African-American Women: Gender and Race
African-American women have often been an overlooked group with the larger context of American Society. Historically, oppression has been meted out to the African-American woman in two ways. Historically, everything afforded to African-American, from educational and employment opportunities to health care have been sub-par. As women they have been relegated even further in a patriarchal society that has always, invariably, held men in higher regard.
Throughout history black women have been referred to as “slave”, “wench”, “nigger” and “mammy” amongst other things. Her children have been referred to as “pickaninny” and “niglet”. They have been beaten, routinely raped and abused in every real and imaginable way. To further add insult to injury in “modern” day American society African American women are routinely referred to as “chicken-head”, “bitch” and downgraded to the status of “baby mama” never to be called “wife” by the very men who should be their protector but who instead choose to add to the abuse.
Instead of being allowed to embrace their unique and personal beauty African-American women have been reared in a society that edifies all things non-black. Light skin and long flowing hair are exalted and as a result many African-American women have bought into this. Oftentimes African American women resort to the use of skin bleachers, wearing colored contacts, hair weaves and using chemicals that contain lye to alter the texture of their hair.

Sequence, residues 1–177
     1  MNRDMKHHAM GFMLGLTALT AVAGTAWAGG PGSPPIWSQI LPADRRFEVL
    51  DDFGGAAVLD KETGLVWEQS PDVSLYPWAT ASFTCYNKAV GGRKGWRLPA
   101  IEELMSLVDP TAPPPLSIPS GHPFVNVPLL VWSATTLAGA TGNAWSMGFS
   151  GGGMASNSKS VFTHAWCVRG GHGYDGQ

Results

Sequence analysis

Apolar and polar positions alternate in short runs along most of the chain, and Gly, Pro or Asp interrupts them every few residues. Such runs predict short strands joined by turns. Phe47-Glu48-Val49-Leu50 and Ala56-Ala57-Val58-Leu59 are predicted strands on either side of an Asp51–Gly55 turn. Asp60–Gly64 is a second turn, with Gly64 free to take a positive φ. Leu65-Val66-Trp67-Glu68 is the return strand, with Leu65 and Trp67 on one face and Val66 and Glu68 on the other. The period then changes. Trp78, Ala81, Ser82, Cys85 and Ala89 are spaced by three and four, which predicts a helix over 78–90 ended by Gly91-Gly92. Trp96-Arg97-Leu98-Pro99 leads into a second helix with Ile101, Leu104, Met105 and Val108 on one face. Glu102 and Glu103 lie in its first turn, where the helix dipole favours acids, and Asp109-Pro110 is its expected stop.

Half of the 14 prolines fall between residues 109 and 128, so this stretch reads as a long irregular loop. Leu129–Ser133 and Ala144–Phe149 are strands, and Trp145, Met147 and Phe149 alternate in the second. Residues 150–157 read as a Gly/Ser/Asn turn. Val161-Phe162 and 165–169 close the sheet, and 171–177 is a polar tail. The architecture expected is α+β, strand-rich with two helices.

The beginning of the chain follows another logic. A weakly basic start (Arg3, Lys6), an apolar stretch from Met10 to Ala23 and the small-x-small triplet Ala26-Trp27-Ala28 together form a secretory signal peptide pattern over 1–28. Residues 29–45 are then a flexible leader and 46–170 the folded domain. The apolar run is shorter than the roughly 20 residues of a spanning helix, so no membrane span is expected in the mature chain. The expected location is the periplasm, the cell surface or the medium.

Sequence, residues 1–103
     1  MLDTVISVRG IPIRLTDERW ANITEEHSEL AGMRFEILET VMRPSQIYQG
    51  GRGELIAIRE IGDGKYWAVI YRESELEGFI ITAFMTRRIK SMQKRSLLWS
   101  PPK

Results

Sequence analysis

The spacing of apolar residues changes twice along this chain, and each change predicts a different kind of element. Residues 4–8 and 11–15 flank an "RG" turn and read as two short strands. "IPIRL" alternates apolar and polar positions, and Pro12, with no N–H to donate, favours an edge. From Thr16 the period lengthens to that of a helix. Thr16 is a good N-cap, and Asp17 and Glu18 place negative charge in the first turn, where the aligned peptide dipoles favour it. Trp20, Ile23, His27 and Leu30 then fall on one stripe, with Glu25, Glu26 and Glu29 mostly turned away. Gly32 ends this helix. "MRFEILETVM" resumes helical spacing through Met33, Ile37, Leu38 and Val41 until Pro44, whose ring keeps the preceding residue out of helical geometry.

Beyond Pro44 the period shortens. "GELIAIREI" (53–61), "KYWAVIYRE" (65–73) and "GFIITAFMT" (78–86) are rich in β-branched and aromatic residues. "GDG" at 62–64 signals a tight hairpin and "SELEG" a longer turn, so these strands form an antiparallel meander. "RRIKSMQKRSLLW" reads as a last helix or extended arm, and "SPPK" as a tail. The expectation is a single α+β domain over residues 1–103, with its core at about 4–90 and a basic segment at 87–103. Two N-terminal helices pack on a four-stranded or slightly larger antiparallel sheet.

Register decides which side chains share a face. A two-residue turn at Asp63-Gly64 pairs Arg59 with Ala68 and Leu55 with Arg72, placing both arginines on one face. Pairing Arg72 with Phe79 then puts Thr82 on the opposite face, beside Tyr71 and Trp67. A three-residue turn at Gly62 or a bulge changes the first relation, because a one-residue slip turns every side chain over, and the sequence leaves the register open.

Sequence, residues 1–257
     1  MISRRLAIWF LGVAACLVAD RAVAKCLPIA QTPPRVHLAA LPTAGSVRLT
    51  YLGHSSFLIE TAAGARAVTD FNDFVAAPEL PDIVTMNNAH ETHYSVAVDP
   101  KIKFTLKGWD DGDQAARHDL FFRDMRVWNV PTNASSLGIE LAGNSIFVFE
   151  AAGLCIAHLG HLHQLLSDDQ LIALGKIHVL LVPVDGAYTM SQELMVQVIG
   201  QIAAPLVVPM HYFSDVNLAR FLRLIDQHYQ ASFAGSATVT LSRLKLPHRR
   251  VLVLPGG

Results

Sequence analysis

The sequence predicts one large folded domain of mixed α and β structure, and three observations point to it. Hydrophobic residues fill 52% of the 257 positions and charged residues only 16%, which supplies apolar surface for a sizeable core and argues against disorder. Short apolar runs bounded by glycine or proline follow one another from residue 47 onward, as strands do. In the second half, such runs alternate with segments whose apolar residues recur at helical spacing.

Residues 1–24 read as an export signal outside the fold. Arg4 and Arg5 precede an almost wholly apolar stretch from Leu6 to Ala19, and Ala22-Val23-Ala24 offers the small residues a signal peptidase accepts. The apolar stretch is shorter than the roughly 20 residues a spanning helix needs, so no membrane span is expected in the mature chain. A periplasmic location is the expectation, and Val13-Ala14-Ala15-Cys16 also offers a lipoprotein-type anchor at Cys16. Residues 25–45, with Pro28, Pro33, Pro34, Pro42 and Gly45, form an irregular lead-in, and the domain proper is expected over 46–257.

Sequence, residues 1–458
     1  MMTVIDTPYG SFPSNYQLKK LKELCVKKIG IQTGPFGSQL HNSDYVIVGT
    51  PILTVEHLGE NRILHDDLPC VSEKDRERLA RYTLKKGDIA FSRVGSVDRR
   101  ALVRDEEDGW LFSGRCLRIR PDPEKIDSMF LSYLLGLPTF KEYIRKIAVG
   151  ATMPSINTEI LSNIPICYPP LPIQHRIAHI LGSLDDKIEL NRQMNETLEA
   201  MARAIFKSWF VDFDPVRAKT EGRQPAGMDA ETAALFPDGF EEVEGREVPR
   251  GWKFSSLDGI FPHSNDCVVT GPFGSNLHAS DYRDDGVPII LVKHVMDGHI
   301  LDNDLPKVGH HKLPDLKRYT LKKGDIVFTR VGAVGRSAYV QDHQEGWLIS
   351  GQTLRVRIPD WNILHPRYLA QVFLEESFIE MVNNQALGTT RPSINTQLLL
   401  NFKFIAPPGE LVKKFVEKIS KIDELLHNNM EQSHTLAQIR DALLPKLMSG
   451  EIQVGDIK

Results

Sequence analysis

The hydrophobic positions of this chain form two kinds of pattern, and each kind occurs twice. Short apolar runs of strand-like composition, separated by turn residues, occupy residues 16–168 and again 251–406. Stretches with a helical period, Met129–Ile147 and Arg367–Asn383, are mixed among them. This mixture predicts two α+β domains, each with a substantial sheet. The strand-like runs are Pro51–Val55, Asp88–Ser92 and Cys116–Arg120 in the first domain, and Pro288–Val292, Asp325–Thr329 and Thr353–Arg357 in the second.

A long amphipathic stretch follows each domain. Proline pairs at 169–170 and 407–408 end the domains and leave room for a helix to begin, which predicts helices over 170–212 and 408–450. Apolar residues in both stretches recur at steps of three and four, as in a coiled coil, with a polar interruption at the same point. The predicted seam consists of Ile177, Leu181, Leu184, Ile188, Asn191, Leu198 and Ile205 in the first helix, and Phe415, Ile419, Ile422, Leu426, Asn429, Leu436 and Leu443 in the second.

Within the African-American community it is taboo for women to admit the need for help in coping with “life”. Instead many wear the proverbial mask, grin and bear it and simply try to survive.
By examining the historical and modern day stereotypes that plague African American women we can see how these stereotypes affect their lives and their concept of self. In terms of mental, emotional and physical health how does the African-American woman compare with other cultural groups? How does she cope? How does she view herself and her circumstances? Where is she now in terms of employment and educational opportunities?
The first Africans landed on the shores of America in 1619, there were 17 men and three women. When they arrived these Africans were not considered slaves, they were instead identified as indentured servants. This would eventually change and by the time slavery ended in 1865 it is estimated that more than 500.000 Africans had been imported to America as slave labor.
Although there were many common factors within the institution of slavery for both men and women there were also circumstances that were unique to women. “The first slaves to be brought to the British colonies of North America were disproportionately male. Considered more valuable workers because of their strength, enslaved men performed labors that ranged from building houses to plowing fields. When the Dutch brought African and...